Financial Socialisation and Promotion of Financial Inclusion, among Women Self-Help Group Members: An analysis

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Dr. Somya Nanda, Prof. (Dr.) Sanjeeb K Jena


India, a country of diversities has travelled a long way in the process of achieving inclusive growth through financial inclusion. The expedition has started from bank nationalisation in the year 1969 to flagship programs like SHG bank Linkage and PMDJY. Historically, women in India have faced various socio-economic challenges, including limited access to financial services and opportunities. To address these challenges and promote the financial inclusion of women, several initiatives and measures have been taken at the government, regulatory, and institutional levels. The PMJDY accounts have shown a remarkable growth in account openings. Around 50.09 Crore Jan Dhan accounts opened as of Aug 2023 where average deposits rise from Rs.1065 crore in 2015 to Rs.4087 Crore in 2023,nearly 3 times over Aug 2015. Around 56% of such accounts are owned by woman, whereas 67% of the accounts are owned by women in rural and semi urban areas (PIB 2023)[i]. But what is more discouraging is that India has the highest in inactive accounts which is 35% globally. In developing economies, women account owners are, on average, 5 percentage points more likely than men are inactive, in India the deviation is highest that is 12 %.Out of the women owned accounts, more than 32% are inactive. The usage of accounts also indicates a different saga as most of them is used for withdrawals of salary or wages, emergencies, or availing Govt. Benefits which leads to a lowering of financial inclusion among the women (Global Findex database 2021)[ii].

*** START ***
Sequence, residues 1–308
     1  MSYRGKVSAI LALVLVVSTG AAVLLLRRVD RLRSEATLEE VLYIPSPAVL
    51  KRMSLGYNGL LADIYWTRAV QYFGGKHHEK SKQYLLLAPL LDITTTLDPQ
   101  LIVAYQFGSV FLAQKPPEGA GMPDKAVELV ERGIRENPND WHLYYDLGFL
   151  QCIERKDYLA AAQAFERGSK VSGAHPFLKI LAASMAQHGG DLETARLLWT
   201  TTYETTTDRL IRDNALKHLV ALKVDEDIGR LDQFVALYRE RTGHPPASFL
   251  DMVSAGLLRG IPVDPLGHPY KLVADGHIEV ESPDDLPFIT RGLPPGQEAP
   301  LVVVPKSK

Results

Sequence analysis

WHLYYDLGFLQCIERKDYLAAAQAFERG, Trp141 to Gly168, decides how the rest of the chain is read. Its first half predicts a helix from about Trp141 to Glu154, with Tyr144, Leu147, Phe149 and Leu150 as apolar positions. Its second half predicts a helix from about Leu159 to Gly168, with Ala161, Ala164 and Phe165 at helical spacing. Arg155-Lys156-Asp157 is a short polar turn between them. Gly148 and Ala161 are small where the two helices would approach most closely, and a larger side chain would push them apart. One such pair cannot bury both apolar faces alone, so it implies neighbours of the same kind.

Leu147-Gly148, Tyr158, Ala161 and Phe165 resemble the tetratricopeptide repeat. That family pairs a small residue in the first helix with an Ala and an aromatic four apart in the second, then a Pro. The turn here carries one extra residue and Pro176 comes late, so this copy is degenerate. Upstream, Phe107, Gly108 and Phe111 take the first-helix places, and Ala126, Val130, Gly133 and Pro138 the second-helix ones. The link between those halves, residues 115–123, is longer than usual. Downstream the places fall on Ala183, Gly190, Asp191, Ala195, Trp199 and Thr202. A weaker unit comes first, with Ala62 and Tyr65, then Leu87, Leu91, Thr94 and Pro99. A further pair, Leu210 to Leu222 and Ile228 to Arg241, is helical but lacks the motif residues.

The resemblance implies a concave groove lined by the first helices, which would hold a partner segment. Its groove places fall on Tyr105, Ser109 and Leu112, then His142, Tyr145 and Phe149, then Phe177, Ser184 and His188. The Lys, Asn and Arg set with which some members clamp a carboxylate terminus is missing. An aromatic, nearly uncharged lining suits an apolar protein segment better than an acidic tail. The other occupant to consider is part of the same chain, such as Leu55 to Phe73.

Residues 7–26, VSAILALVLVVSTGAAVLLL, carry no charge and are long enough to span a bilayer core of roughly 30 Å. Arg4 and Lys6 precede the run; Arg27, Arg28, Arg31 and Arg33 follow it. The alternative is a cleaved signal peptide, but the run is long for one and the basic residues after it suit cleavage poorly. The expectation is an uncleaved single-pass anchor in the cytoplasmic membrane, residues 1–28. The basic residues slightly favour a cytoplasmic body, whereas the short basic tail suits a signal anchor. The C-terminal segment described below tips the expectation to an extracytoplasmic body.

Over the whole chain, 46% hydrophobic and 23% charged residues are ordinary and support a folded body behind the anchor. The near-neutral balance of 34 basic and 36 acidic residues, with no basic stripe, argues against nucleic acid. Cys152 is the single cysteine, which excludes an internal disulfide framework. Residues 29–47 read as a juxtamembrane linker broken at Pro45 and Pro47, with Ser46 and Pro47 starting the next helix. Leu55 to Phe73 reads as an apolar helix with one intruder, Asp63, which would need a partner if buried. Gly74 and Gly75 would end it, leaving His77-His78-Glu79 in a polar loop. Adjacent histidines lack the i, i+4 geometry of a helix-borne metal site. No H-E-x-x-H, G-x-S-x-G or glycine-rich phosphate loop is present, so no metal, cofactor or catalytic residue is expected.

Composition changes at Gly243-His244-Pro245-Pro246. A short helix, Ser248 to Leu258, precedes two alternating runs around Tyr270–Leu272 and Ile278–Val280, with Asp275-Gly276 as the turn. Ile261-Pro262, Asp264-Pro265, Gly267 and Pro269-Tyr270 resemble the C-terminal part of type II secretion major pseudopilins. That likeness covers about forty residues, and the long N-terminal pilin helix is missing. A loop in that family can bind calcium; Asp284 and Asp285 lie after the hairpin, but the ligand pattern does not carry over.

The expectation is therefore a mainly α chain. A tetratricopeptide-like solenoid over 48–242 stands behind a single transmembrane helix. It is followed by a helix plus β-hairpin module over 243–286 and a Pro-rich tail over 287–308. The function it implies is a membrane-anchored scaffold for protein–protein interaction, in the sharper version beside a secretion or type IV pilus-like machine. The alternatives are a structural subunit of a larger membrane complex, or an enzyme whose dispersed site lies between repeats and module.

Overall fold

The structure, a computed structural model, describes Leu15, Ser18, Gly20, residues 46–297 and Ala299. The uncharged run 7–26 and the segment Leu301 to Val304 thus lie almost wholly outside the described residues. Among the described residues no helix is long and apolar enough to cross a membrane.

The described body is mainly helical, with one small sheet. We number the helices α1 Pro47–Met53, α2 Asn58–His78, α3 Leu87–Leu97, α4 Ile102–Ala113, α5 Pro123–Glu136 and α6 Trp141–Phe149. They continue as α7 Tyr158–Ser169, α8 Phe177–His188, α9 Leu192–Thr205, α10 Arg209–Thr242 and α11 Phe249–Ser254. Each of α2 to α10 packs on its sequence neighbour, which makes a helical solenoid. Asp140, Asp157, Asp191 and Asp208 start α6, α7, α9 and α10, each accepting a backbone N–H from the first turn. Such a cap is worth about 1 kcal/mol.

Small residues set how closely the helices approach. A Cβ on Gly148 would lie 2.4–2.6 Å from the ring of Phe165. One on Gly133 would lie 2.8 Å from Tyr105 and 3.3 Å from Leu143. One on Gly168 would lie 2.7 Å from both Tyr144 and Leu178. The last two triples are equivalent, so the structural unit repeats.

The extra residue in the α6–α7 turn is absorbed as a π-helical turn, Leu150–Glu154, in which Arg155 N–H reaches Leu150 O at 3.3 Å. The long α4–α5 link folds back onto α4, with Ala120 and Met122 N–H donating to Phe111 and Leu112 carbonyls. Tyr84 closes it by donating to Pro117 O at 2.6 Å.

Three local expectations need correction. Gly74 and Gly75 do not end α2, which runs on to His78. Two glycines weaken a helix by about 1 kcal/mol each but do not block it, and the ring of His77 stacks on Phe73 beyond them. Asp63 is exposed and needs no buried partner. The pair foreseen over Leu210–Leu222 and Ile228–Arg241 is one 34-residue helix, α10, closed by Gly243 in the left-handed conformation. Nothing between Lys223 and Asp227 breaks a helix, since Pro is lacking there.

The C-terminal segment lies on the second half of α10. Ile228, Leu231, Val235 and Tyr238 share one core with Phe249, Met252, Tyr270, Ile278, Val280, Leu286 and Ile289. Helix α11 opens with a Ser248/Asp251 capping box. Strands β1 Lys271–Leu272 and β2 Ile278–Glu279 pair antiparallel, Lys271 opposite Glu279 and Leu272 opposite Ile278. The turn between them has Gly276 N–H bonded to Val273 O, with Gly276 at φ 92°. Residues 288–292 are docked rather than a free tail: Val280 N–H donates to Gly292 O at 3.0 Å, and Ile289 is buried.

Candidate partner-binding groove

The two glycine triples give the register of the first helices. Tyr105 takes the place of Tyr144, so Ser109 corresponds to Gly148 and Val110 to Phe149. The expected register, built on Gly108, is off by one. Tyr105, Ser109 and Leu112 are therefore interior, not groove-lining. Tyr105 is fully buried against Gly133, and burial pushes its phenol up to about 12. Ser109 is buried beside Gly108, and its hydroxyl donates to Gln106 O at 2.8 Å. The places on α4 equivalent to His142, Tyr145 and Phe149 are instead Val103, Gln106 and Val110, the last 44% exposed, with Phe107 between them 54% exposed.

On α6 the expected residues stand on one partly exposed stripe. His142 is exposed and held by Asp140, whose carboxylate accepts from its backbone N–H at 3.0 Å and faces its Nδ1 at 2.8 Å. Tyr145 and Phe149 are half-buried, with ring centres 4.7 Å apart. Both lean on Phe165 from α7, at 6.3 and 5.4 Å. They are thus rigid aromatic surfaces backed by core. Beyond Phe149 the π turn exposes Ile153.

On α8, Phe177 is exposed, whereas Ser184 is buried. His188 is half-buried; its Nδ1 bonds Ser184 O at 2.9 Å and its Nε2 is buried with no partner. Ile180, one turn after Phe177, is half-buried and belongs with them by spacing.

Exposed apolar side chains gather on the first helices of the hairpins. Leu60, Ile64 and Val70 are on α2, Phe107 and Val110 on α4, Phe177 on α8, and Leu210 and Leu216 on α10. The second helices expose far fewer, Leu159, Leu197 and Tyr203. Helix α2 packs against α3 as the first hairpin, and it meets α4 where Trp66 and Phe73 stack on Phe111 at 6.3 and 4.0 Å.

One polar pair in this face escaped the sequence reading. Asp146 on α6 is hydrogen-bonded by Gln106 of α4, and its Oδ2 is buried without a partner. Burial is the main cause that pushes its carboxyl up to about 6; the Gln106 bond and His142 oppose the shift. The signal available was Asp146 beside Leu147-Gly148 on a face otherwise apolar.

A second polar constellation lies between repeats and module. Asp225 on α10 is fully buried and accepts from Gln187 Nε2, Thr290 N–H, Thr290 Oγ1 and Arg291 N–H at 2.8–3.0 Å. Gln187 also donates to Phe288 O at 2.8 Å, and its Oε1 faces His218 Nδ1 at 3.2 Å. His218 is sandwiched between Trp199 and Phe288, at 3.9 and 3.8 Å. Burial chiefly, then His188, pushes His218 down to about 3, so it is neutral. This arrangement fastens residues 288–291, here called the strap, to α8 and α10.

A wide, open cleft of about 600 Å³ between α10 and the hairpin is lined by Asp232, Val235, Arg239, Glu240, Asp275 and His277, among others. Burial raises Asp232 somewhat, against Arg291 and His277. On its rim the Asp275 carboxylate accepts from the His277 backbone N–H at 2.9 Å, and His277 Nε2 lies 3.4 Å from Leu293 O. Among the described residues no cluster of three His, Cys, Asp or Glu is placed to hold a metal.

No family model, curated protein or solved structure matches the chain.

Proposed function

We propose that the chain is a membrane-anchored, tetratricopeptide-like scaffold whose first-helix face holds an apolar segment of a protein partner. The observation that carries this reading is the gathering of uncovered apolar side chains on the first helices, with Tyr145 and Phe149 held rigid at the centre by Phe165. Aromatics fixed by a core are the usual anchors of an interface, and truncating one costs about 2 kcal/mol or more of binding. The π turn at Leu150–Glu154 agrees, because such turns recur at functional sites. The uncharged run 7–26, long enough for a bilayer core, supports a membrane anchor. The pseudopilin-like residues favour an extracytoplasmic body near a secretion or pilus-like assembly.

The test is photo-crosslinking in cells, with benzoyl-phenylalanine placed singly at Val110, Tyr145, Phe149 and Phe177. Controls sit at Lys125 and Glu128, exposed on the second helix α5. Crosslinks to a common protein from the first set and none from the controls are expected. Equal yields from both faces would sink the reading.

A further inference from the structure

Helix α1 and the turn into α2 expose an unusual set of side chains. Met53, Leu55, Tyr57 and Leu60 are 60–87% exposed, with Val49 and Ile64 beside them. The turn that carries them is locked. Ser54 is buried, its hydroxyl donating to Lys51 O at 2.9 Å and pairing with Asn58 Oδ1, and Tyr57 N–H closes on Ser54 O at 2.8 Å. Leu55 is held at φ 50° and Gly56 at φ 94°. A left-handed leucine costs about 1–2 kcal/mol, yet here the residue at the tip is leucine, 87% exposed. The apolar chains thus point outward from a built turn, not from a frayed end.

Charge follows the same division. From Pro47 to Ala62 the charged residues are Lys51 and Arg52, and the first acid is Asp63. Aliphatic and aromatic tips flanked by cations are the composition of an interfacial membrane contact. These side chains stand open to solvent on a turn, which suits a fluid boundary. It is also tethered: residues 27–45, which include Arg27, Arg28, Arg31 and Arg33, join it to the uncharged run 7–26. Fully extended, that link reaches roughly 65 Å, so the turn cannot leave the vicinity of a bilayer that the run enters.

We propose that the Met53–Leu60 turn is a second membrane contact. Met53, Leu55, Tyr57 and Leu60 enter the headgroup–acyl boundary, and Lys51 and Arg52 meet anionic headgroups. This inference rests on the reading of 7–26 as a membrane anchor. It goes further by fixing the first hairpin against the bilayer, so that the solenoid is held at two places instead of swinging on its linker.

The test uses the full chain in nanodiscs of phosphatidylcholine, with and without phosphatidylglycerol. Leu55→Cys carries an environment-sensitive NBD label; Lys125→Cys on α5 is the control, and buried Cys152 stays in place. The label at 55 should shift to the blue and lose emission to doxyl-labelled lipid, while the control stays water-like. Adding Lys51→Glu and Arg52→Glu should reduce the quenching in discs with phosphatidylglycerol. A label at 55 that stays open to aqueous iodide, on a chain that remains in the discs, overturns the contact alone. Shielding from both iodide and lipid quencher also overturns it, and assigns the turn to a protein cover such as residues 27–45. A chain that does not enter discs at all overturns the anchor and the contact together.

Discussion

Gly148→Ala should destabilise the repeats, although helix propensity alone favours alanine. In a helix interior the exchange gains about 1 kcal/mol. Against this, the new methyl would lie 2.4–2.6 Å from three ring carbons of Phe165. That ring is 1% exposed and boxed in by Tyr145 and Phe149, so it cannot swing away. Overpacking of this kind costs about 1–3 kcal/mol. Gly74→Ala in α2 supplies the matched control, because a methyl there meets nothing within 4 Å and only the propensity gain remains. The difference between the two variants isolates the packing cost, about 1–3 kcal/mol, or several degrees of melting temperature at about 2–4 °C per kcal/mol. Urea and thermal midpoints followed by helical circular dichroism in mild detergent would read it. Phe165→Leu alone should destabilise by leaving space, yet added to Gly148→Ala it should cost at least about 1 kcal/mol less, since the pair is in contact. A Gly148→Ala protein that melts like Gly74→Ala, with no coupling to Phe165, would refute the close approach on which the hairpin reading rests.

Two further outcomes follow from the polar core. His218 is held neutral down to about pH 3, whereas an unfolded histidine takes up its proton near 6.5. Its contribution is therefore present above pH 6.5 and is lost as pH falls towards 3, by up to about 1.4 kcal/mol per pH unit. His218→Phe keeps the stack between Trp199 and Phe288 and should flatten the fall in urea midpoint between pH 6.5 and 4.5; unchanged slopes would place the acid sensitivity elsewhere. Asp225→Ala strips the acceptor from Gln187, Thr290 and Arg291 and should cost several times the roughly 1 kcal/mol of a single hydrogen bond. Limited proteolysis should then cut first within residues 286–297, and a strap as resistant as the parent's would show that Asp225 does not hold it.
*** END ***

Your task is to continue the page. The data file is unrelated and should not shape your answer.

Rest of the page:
It's important to note that despite many advancements achieved by the country with respect to the financial inclusion of women through initiations like PMJDY, introduction of a range of women-centric financial products, such as savings accounts, fixed deposits, and insurance policies, often with special features and incentives, SHGs movements, development of digital financial ecosystem for women in rural areas to access financial services through mobile banking and digital wallets, undertaking financial literacy programs and campaigns aimed at women for improving their financial knowledge and decision-making capabilities, legal reforms related to property rights and inheritance rights, support for Women Entrepreneurs including access to credit, training, and mentorship, and by allocating funds specifically for women's welfare and empowerment through gender budgeting, the challenges still prevailing. The gender gap in financial inclusion still exist, with women in rural and marginalized communities facing more significant barriers. Social and cultural factors, limited financial literacy, and the persistence of gender-based violence in some regions were among the ongoing challenges (Fletschner & Kenney, 2011[iii]). The need for ongoing education and awareness programs, addressing gender biases, and expanding access to financial services in remote areas etc. remain the priorities of the policy makers. Achieving full financial inclusion for women in India requires a multi-faceted approach involving government policies, financial institutions, civil society organizations, and the active participation of women themselves. It is essential for both economic development and gender equality (Duflo, 2012[iv]; Bucciol, 2022[v]). 

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